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The ingredients are few. Just flour, butter, sugar, salt, earl grey tea, cinnamon and vanilla extract.

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To get the tea to impart maximum flavour it’s best to lightly toast it first on a very low flame. Toss it on a dried pan until fragrant, for a minute or so and then let cool.

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mix it with sugar and pulse it a few times to disperse equally,  this enables the sugar to absorb the tea scent.

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Like so

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In a separate clean bowl cream the butter

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and add in the tea and sugar mixture

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beating it thoroughly

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add in the flour

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vanilla extract

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cinnamon (it’s better mixed in with flour)

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and salt

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and mix the ingredients. It should begin to clump once everything is well incorporated. This mixture here was still a little crumbly and so I remedied it by adding a spoonful of full-fat milk.

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and thoroughly mixing

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to get a cohesive mixture

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which clumps if you press it together.

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for this mixture to form cookies we need to shape it into a log. Place plastic wraps over the work surface and scrape the cookie dough on it.

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Cover the dough with the wrap and roll it like it were a rolling pin to form a longish log shape which is not too thin because we should be able to slice fat coin shaped cookies out of it.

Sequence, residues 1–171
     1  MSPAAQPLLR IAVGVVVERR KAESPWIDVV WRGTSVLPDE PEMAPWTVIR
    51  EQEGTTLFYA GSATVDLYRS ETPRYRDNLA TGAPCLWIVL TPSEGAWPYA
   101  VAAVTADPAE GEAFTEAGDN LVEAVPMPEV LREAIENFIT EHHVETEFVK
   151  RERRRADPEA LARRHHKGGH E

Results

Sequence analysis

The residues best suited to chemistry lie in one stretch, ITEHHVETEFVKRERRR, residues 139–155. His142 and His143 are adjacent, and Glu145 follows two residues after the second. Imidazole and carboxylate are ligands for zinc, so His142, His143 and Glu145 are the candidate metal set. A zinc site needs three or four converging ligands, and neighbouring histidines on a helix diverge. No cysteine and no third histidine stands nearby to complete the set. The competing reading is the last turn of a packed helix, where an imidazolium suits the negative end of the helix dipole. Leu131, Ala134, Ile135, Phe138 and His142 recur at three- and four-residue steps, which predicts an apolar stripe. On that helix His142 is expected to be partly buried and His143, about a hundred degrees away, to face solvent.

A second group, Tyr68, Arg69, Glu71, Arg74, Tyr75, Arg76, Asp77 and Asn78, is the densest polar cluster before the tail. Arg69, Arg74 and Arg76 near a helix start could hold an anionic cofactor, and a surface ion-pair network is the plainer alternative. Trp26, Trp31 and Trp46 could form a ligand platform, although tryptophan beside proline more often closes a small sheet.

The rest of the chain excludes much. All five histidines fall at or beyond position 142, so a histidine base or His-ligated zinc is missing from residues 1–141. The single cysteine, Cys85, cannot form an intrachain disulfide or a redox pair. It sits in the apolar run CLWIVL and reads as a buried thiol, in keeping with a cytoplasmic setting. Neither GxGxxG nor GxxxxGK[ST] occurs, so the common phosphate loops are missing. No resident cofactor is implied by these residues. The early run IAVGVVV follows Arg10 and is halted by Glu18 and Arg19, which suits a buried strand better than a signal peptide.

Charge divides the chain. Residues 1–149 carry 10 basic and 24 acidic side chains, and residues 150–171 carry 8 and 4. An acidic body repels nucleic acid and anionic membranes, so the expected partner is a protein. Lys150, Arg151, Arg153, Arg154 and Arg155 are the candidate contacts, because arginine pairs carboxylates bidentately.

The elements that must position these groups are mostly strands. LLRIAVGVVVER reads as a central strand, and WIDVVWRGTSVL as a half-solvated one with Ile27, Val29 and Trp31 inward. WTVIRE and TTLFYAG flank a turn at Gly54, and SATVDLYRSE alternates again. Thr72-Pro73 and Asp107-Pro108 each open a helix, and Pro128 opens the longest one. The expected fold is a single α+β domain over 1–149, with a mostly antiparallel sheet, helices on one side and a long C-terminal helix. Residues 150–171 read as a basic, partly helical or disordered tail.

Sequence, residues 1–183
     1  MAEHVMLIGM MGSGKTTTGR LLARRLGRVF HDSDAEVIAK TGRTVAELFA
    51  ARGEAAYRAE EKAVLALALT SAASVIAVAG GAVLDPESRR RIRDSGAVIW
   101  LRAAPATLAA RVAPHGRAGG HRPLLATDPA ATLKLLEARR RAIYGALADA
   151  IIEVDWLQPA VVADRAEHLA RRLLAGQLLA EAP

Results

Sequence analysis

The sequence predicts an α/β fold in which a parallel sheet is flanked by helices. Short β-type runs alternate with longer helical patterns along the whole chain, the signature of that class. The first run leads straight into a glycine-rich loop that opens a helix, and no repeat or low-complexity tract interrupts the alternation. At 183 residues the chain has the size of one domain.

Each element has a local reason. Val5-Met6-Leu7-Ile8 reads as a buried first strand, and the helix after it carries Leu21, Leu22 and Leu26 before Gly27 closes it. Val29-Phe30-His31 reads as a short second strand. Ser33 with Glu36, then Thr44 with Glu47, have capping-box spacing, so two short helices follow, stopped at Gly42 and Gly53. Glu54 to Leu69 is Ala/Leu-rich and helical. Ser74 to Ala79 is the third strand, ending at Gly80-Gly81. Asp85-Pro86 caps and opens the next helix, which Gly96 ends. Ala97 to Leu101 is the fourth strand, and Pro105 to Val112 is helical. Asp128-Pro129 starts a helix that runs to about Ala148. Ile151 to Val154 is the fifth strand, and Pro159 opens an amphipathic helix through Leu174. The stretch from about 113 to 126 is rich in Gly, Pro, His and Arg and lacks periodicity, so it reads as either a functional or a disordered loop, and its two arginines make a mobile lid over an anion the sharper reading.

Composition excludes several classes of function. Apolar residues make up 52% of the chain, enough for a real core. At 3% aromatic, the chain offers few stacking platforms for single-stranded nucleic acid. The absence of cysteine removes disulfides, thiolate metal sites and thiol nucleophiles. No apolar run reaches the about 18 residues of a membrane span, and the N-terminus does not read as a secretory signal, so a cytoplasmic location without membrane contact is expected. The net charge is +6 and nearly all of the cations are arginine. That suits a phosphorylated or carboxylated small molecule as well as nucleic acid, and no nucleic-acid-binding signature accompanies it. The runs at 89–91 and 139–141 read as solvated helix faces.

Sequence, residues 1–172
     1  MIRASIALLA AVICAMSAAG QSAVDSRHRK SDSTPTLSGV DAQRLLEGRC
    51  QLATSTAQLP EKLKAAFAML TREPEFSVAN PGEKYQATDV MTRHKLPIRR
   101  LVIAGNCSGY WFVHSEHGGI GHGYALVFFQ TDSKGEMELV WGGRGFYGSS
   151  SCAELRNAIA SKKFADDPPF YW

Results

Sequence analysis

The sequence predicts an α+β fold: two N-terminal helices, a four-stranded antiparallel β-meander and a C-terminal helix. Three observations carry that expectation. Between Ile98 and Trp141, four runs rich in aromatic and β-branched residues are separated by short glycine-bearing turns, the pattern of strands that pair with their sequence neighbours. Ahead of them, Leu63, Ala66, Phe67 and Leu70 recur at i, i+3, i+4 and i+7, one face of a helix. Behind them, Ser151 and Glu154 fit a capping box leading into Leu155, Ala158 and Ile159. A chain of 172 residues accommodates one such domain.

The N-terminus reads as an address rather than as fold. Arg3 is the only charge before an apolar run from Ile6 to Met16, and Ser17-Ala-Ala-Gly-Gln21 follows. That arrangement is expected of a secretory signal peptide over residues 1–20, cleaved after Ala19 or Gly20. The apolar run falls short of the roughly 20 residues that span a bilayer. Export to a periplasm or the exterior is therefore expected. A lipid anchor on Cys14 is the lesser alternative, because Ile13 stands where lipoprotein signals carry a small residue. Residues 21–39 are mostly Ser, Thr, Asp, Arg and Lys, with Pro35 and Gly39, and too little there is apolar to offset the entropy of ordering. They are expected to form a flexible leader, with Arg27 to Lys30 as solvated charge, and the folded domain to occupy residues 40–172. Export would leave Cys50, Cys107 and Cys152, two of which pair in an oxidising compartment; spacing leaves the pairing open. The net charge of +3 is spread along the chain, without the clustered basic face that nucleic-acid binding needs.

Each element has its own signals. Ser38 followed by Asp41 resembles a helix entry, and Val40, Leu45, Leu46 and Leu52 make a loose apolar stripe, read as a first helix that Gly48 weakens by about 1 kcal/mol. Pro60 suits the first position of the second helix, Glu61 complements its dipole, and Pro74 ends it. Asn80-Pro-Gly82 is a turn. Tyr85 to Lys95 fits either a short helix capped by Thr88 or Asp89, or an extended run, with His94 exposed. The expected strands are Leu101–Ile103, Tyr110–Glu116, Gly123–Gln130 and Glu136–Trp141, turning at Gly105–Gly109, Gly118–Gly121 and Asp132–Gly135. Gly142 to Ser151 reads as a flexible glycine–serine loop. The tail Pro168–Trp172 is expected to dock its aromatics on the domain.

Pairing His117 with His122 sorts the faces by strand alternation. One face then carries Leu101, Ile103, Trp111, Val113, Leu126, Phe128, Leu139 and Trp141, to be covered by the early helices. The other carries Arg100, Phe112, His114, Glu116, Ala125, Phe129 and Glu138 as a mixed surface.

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Once you’re satisfied with the shape and dimensions of the log, refrigerate for an hour until it firms up, making it easier to slice.

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Unwrap and place on chopping board once firm.

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and slice into cookies, ensuring they’re neither too thick nor too thin because the former won’t be that crunchy and the latter might catch too quick.

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something like this. these are about quarter of an inch thick.

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place on baking mat and bake at 180ºC for 12-15 minutes or until the edges turn light gold.

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Let cool before serving. These keep well in an airtight jar for up to a week.


Ingredients 

Earl Grey tea: 6g

Sugar: 120g

Flour: 160g

Butter: 100g

Vanilla extract: 1tsp

Cinnamon: 1/2 tsp

salt: 1/2 tsp

Milk: 1-2 tbsp (optional)



Recipe instructions:

Lightly toast the tea on a low flame for a minute until lightly fragrant and let cool. Pulse it with sugar until evenly dispersed.

In a clean bowl cream together the butter and sugar and add flour, cinnamon, vanilla and salt and mix to form a dough. The dough should begin to clump together and if it doesn’t then add a spoonful of full-fat milk and mix again.

Form the dough into a log by placing it on a cling wrap sheet and rolling it to an even log shape.

Refrigerate for an hour until firm and slice into even sized cookies.

Bake at 180º for 12-15 minutes until lightly golden on the sides.

Enjoy.